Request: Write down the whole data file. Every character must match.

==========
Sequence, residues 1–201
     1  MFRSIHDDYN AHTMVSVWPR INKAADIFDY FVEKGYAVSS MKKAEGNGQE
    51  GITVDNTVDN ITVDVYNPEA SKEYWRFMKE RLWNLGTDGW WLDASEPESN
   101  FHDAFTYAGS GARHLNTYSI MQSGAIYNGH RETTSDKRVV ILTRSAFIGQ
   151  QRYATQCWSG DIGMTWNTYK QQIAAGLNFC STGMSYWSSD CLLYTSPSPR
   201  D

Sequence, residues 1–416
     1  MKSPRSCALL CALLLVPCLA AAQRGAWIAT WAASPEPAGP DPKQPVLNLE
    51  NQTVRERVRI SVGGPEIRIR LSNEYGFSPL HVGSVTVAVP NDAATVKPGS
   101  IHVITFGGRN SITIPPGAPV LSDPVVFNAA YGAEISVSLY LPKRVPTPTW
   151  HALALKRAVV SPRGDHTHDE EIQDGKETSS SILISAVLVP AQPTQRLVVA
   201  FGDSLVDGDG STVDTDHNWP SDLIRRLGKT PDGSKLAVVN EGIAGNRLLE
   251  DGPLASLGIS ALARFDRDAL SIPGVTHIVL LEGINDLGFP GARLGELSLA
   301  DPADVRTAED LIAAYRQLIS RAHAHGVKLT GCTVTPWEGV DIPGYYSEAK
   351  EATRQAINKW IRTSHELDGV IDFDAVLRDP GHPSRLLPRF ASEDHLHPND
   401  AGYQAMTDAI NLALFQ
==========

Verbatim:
Sequence, residues 1–201
     1  MFRSIHDDYN AHTMVSVWPR INKAADIFDY FVEKGYAVSS MKKAEGNGQE
    51  GITVDNTVDN ITVDVYNPEA SKEYWRFMKE RLWNLGTDGW WLDASEPESN
   101  FHDAFTYAGS GARHLNTYSI MQSGAIYNGH RETTSDKRVV ILTRSAFIGQ
   151  QRYATQCWSG DIGMTWNTYK QQIAAGLNFC STGMSYWSSD CLLYTSPSPR
   201  D

Sequence, residues 1–416
     1  MKSPRSCALL CALLLVPCLA AAQRGAWIAT WAASPEPAGP DPKQPVLNLE
    51  NQTVRERVRI SVGGPEIRIR LSNEYGFSPL HVGSVTVAVP NDAATVKPGS
   101  IHVITFGGRN SITIPPGAPV LSDPVVFNAA YGAEISVSLY LPKRVPTPTW
   151  HALALKRAVV SPRGDHTHDE EIQDGKETSS SILISAVLVP AQPTQRLVVA
   201  FGDSLVDGDG STVDTDHNWP SDLIRRLGKT PDGSKLAVVN EGIAGNRLLE
   251  DGPLASLGIS ALARFDRDAL SIPGVTHIVL LEGINDLGFP GARLGELSLA
   301  DPADVRTAED LIAAYRQLIS RAHAHGVKLT GCTVTPWEGV DIPGYYSEAK
   351  EATRQAINKW IRTSHELDGV IDFDAVLRDP GHPSRLLPRF ASEDHLHPND
   401  AGYQAMTDAI NLALFQ